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Guidelines for agility training

This is an excerpt from Essentials of Strength Training and Conditioning 4th Edition With Web Resource by NSCA -National Strength & Conditioning Association.

Technical Guidelines and Coaching


In comparison to sprinting, change of direction and agility have a large number of degrees of freedom due to the multitude of movements that occur during a change of direction. Further, agility performance as restricted or determined by opponents or other tactical restraints and scenarios cannot be trained through the use of a single technique. Nevertheless, the following are some technical guidelines and coaching suggestions.


Visual Focus

  • When changing direction in response to an opponent (either offensive or defensive), the athlete should focus on the shoulders, trunk, and hip.
  • Following the anticipation of the event, unless deception is intended, the athlete should quickly redirect attention to a new area to help lead the transition of the body.


Body Position During Braking and Reacceleration

  • Control the trunk leading into the deceleration (decrease large amounts of trunk motion) (70).
  • Through the stance phase, reorient the trunk and hips toward the direction of intended travel to allow for a more effective reacceleration (15).
  • Just as with acceleration mechanics, body lean is paramount in allowing proper force application through the ground with strong alignment of the ankle, knee, and hip and through to the trunk and shoulders.
  • Enter and exit changes in direction with a lower center of mass; when performing side-shuffling changes of direction, maintaining this low center of mass is critical (78).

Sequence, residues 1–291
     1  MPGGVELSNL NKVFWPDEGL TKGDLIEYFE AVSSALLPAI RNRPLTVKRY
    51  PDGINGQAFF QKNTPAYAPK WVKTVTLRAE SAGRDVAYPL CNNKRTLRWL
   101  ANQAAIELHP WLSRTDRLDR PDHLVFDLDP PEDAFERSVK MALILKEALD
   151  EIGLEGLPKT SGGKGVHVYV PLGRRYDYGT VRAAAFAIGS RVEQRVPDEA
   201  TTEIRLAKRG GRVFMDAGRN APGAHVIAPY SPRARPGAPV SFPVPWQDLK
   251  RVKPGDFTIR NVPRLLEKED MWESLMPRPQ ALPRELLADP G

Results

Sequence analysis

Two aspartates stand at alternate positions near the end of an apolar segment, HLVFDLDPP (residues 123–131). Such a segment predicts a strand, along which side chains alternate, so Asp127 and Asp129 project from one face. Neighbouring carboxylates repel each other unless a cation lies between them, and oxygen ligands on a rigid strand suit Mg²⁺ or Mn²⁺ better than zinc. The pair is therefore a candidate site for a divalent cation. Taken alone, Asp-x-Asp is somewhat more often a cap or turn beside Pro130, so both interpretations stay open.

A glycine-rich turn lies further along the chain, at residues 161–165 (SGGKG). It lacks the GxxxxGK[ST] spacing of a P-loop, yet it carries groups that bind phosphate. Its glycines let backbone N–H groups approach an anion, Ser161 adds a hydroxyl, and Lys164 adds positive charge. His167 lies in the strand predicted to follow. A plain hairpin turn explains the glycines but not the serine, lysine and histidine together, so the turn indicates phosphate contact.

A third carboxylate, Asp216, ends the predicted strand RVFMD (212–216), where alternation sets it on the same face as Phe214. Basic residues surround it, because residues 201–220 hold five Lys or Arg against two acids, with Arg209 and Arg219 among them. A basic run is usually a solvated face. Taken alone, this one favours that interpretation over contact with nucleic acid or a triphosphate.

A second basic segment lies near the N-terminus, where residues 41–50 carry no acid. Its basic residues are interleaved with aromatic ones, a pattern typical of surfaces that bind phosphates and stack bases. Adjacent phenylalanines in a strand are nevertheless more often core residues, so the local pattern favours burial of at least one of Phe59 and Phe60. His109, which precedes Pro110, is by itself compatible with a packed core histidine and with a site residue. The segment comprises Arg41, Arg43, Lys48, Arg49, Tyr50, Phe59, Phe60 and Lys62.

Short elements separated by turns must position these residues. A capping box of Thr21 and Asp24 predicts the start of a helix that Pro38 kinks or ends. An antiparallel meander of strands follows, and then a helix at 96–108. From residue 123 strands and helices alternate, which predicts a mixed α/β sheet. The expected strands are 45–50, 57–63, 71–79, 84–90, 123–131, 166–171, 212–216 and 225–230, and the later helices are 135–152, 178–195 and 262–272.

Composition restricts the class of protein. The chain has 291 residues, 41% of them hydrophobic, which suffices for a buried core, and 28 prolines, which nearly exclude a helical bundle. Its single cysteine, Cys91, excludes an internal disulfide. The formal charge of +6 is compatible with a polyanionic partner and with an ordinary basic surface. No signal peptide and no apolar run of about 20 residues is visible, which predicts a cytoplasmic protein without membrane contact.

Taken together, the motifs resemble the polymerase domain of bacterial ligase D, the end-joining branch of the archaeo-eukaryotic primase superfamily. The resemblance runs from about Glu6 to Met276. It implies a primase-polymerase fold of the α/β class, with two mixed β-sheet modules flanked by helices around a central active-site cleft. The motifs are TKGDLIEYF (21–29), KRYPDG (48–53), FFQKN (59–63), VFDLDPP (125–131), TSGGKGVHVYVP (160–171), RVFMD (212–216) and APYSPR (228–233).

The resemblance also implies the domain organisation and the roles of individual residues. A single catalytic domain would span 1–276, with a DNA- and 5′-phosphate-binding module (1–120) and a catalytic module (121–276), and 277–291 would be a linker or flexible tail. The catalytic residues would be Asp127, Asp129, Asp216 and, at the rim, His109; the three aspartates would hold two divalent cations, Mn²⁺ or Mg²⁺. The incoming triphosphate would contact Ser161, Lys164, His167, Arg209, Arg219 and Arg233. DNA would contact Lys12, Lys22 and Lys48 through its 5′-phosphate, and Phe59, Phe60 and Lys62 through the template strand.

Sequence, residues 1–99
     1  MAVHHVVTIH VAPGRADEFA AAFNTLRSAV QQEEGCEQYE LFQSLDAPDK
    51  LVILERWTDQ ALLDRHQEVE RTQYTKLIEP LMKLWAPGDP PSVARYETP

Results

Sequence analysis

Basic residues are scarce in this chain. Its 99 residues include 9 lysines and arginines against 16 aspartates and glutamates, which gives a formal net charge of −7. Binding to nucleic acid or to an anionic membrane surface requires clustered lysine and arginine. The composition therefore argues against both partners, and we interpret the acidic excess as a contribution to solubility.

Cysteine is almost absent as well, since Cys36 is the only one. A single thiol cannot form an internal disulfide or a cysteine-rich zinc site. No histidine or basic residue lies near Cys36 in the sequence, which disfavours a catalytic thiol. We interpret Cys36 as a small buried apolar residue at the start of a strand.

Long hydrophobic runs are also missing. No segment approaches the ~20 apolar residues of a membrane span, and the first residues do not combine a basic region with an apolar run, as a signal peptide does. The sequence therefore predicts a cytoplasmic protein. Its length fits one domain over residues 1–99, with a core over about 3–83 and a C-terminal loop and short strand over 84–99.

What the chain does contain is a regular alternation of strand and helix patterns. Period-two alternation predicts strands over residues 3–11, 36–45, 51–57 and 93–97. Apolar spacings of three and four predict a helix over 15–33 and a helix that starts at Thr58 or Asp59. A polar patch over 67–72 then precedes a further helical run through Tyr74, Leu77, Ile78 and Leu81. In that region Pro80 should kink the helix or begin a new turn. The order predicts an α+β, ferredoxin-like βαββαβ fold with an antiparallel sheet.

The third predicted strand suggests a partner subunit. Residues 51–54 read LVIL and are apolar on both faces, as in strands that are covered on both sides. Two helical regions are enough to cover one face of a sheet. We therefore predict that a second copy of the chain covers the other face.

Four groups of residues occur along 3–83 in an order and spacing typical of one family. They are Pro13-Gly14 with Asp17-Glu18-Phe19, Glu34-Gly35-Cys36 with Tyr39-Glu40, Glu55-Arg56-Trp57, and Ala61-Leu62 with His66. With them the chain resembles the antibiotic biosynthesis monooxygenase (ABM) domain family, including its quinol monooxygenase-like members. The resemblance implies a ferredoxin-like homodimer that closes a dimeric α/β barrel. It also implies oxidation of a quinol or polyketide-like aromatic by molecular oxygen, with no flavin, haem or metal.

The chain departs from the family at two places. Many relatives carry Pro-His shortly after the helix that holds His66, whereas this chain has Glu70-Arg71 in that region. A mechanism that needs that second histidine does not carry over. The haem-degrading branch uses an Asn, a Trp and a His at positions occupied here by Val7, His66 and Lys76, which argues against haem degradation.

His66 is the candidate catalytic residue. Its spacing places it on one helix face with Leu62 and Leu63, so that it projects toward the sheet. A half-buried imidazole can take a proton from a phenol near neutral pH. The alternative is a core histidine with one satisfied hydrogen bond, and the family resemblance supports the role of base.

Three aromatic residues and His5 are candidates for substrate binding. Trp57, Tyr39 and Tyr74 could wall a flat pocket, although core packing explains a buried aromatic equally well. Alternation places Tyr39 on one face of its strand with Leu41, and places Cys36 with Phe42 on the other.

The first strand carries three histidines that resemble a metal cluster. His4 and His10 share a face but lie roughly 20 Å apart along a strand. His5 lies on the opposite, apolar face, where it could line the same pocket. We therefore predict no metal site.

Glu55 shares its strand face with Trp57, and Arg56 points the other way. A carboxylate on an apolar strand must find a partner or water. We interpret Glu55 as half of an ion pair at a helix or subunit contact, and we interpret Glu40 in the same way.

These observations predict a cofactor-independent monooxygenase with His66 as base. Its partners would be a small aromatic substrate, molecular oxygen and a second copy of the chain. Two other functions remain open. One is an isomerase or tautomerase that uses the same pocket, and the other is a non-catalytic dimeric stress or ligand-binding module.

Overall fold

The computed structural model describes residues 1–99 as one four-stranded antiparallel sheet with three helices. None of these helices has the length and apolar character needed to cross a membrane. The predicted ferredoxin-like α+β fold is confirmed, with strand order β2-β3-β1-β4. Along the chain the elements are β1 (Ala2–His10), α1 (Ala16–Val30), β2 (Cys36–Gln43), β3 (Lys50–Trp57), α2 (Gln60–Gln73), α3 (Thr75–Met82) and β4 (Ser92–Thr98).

Leg Action

  • Ensure that the athlete can effectively dissipate or tolerate the eccentric braking loads through an effective range of motion at the knee and avoid a stiff-legged braking style (81, 83).
  • Emphasize "pushing the ground away" in order to enhance performance, especially while learning in closed drills. External focus of attention - through instructions to concentrate on the ground instead of a body part - has been shown to improve change-of-direction performance (64).


Arm Action

  • Powerful arm actions should be used to facilitate leg drive.
  • Ensure that the action of the arms is not counterproductive (i.e., does not cause a decrease in speed or efficiency), particularly during transitioning between difficult changes of direction (e.g., from a backpedal to a sprint).


Training Goals


The three goals of agility performance are enhanced perceptual - cognitive ability in various situations and tactical scenarios, effective and rapid braking of one's momentum, and rapid reacceleration toward the new direction of travel. To meet these goals, one should emphasize the following:

  • Directing visual focus toward the opponent's shoulders, trunk, and hips to increase perceptual ability to anticipate the movement of a defensive or offensive opponent (75)
  • Orienting the body into a position that allows for effective application of forces into the ground to maximize braking capacity, and increasing the speed from which one can rapidly stop as well as the direction of movement one must brake from (running forward, running backward, or shuffling laterally) (15, 70, 78, 83, 84, 86)
  • The ability to maintain a good position after braking, reorient the body into a position that faces the new direction, and effectively use acceleration mechanics to reaccelerate (58)

Learn more about Essentials of Strength Training and Conditioning, Fourth Edition.